Northwest Florida Environmental Conservancy, Part 2
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Rare Amphibians & Reptiles of Upland Sandhills

Upland Sandhill habitat has disappeared at an ever-increasing rate across the Deep South.  Because of its high and dry nature, Upland Sandhills are very suitable for a variety of human activities, such as development, subdivisions, agriculture, etc.  A very unique and specialized array of amphibians and reptiles are found within this ecosystem.  Perhaps the most important and significant is the Gopher tortoise, along with a host of numerous species associated with tortoises that rely upon Gopher tortoise burrows for various aspects of their survival.


(Above) Gopher Tortoise (Gopherus polyphemus).  Mobile Co., AL.
The Gopher tortoise is one of the most important forms of wildlife within its range.  Over 300 other species of wildlife utilize the burrow tortoises excavate for various reasons.  Gopher tortoises have greatly declined for a variety of reasons including: development & loss of habitat, forestry & agricultural practices, highway mortality & use as food by humans.


(Above) Dusky Gopher Frog (Rana capito).  Okaloosa Co., FL. 
(Above) Gopher frogs are rarely ever seen as they are largely fossorial or spend a great deal of time in Gopher tortoise burrows.  Gopher frogs breed in upland ephemeral ponds and their numbers have declined drastically over the years.  Okaloosa Co., FL.
(Right) Pine snakes are large, fossorial snakes that spend the majority of their lives underground.  An adult pine snake can be an impressive and intimidating animal when encountered in the wild.  Pine snakes can grow to six feet or more, are very heavy-bodied, and can put on quite a display of hissing, swelling up with air and striking at whatever or whomever may be in their way!  However, Pine snakes are harmless, are very beneficial and consume thousands of rodents in their lifetimes.  A preferred food of Florida Pine snakes is Pocket gophers.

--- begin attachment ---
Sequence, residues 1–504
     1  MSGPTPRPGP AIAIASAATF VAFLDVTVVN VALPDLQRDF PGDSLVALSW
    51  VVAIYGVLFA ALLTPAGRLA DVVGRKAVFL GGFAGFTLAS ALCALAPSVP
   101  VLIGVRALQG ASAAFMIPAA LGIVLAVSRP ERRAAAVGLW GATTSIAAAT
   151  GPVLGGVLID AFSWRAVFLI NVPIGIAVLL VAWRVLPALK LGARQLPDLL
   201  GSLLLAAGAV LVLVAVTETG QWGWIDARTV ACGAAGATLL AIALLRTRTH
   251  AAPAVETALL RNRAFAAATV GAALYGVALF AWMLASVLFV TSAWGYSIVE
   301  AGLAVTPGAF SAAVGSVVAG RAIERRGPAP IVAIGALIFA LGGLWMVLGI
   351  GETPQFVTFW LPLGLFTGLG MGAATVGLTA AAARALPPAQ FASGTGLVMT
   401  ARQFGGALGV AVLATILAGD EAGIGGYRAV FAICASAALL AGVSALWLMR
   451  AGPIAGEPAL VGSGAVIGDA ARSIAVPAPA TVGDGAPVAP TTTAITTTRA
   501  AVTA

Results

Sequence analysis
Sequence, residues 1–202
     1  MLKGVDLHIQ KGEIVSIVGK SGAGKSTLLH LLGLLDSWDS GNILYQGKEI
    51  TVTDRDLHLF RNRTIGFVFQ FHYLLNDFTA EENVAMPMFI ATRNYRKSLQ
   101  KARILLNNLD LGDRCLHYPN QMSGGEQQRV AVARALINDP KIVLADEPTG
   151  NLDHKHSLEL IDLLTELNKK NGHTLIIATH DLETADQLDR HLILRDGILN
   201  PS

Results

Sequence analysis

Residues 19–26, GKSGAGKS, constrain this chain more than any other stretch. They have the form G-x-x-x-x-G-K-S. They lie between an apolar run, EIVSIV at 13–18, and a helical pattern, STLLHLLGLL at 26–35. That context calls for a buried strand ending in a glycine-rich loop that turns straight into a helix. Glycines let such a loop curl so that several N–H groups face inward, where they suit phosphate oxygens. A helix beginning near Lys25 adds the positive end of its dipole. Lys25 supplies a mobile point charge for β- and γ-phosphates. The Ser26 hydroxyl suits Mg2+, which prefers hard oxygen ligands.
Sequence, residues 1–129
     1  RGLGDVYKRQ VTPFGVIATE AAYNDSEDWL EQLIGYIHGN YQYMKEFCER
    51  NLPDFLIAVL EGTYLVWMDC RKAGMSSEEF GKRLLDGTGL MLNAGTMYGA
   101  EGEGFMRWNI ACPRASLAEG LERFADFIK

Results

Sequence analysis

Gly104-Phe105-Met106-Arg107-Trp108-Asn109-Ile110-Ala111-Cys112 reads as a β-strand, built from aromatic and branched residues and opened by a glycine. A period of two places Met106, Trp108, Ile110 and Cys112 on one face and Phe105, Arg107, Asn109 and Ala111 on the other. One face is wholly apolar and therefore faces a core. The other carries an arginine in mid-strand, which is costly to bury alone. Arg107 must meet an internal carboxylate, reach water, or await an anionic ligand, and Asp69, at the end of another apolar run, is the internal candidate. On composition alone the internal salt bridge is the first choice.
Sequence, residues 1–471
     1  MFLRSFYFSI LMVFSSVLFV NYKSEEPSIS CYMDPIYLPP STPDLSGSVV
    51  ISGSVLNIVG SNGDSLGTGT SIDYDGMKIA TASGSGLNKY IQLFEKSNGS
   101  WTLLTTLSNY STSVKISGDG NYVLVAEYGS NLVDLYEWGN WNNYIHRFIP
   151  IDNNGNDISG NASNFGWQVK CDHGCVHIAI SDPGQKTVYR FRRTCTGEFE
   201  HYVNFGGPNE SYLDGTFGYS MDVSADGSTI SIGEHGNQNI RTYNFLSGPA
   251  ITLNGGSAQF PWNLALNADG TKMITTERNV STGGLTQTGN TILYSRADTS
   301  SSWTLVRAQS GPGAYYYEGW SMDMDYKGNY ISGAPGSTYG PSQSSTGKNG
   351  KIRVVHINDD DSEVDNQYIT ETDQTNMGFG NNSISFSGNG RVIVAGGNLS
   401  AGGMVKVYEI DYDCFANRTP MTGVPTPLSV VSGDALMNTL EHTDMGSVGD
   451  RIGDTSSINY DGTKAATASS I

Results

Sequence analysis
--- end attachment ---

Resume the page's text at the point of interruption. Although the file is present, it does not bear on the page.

(Above) Southern Hognose Snake (Heterodon simus).  Richland Co., SC.
Southern Hognose snakes have declined at an alarming rate over the past 10 - 20 years in the Southeast.  They may be confused with the more common Eastern Hognose snake, but are a smaller, more plump snake, with an even greater upturned snout.
(Below) Florida Pine Snake (Pituophis melanoleucus mugitus).  Okaloosa Co., FL.


More information about rare Upland snakes in the Southeast can be found at the Gopher Tortoise Council's Upland Snake Conservation Initiative website at the following link:
Additional and more extensive information about Upland Sandhills, and Gopher Tortoises can be found at the Gopher Tortoise Council website, below: 

Pg. 13 The Eastern Diamondback Rattlesnake